With respect to the site of Orneae we learn from Pausariias (v. 25. § 5) that it was situated on the confines of Phliasia and Sicyonia, at the distance of 120 stadia from Argos, being 60 stadia from Lyrceia, which was also 60 stadia from Argos. Strabo (viii. p. 382) says that Orneae was situated on a river of the same name above the plain of the Sicyonians; for the other passage of Strabo (viii. p. 578), which states that Orneae lay between Corinth and Sicyon, and that it was not mentioned by Homer, is probably an interpolation. Orneae stood on the northern of the two roads, which led from Argos to Mantineia. This northern road was called Climax, and followed the course of the Inachus. Ross supposes Orneae to have been situated on the river, which flows from the south by the village of Lionti and which helps to form the western arm of the Asopus. Leake places it too far to the east on the direct road from Argos to Phlius.

This text is from: Dictionary of Greek and Roman Geography (1854) (ed. William Smith, LLD). Cited June 2004 from The Perseus Project URL below, which contains interesting hyperlinks


Harpers Dictionary of Classical Antiquities

Phlious

FLIOUS (Ancient city) NEMEA
The chief town of a small province in the northeast of Peloponnesus, whose territory, Phliasia, was bounded by Sicyonia, Arcadia, and Argos. It was usually allied with Sparta, and under Cleonymus joined the Achaete.

Orneae, Orneiai

ORNIES (Ancient city) NEMEA
An ancient town of Argolis, near the frontier of the territory of Phlius, subdued by the Argives in the Peloponnesian War, B.C. 418.

Perseus Project index

Phlius

FLIOUS (Ancient city) NEMEA
Total results on 4/7/2001: 95

Orneae, Orneai, Orneatae

ORNIES (Ancient city) NEMEA

The Princeton Encyclopedia of Classical Sites

Phlious

FLIOUS (Ancient city) NEMEA
  Located in the NE part of the region in a broad plain W of the Nemean valley.
  Excavations in 1924 indicated occupation from the Early Neolithic period to Byzantine times. Mycenaean finds were scanty, confirming the statement of the ancient authors (Strab. 8.382; Paus. 2.12.4-6) that the city of Homer (Araithyrea) was not located at the site of the later city. Phlious participated in the Persian Wars, contributing 200 men to Thermopylai and 1,000 to Plataia (Hdt. 7.202; 9.28.4). She was constantly an ally of Sparta and no doubt valuable to that state in providing a route to the Corinthian Gulf which did not pass under the walls of Argos. Her 4th c. history is one of internal strife and defense against various enemies (Xen. Hell.). Little is known of her political organizations, but a Hellenistic proxeny decree found on Delos may preserve the name of one of the tribes, Aoris. A Pythagorean school apparently flourished at Phlious at the end of the 5th c. (Diog. Laert. 8.46) and the city provides the setting for Plato's Phaedo. Pratinas, the composer of satyr plays, was a native (Suid. s.v. Pratinas). The Roman city as described by Pausanias (2.13.3-8) was extensive, and he states that Hebe was the principal deity. Numerous buildings are mentioned, among them a Temple of Asklepios located above a theater.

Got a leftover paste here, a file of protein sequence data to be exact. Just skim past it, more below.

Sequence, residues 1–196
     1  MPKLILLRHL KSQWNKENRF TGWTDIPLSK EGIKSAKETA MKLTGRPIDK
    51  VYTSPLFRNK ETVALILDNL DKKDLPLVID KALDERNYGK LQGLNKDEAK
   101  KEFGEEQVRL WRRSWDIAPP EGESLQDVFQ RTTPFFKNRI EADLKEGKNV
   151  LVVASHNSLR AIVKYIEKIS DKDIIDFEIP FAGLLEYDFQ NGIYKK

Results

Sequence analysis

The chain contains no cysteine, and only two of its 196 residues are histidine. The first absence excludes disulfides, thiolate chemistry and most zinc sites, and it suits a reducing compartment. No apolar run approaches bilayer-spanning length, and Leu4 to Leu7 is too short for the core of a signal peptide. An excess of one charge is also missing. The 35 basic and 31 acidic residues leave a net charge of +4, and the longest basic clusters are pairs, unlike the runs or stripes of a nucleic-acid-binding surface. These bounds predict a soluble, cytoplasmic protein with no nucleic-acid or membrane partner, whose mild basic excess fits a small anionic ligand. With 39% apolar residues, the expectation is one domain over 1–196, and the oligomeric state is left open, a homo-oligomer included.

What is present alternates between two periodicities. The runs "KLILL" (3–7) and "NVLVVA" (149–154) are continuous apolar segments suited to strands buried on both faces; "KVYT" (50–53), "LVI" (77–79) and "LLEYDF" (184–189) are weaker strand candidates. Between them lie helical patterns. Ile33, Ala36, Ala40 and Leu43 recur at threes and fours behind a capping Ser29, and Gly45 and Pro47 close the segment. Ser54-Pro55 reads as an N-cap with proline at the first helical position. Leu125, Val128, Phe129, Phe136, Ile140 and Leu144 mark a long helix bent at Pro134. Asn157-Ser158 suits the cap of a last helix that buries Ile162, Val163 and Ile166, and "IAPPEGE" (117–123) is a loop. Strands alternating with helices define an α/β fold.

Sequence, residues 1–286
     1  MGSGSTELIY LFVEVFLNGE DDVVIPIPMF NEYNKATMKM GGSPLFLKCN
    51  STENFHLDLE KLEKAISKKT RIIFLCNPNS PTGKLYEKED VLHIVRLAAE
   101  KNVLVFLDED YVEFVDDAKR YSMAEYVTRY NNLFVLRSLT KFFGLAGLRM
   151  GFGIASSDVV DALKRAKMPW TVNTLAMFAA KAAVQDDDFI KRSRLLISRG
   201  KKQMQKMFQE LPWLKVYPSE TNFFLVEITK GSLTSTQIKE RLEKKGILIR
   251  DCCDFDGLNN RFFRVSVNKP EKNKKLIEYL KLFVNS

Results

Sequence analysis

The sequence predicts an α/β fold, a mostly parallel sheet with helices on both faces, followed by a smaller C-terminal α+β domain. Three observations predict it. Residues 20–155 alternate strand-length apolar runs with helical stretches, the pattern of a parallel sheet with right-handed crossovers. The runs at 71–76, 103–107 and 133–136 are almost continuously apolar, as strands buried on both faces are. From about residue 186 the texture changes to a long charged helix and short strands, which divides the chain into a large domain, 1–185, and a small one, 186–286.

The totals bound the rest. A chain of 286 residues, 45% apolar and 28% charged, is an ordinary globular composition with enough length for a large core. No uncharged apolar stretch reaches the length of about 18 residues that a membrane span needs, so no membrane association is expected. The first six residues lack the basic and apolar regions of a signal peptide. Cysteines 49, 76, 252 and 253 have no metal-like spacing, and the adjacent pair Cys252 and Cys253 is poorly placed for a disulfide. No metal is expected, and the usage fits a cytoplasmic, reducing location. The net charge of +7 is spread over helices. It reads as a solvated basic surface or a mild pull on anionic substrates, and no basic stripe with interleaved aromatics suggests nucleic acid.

Traces of antiquity are abundant at Phlious, both on the acropolis and in the plain to the S, where the city proper was located. Portions of wall are visible along the N, E, and W sides of the acropolis and the E city wall can be traced for some distance in the plain. On one of the terraces at the W end of the hill stands a modern chapel, almost entirely constructed of ancient blocks, possibly the site of the Temple of Asklepios. Farther down the hill to the W lie a fountain-house and a large, partially excavated building with a hypocaust.
  Most of the buildings discovered in the early excavations lie at the SW foot of the hill. An apparent hypostyle hall, explored by only a few test trenches, yielded pottery and architectural fragments of the late archaic period. East of this lies a rectangular structure with an interior colonnade (known locally as the Palati), and to the N a scene building and a theater cavea. Supplementary excavations reinvestigated the Palati, which appears to date to the 5th c. B.C., and the theater, the lower portion of which was excavated. This consists of the E retaining wall of the cavea, a line of poros benches, and a partially cleared exedra on the W.
  The theater in its present form is Roman and no doubt it is the one seen by Pausanias below the Temple of Asklepios, which must be located either immediately above the cavea or farther to the E under the chapel, where most modern writers have placed it.

W. R. Biers, ed.
This text is from: The Princeton encyclopedia of classical sites, Princeton University Press 1976. Cited Nov 2002 from Perseus Project URL below, which contains bibliography & interesting hyperlinks.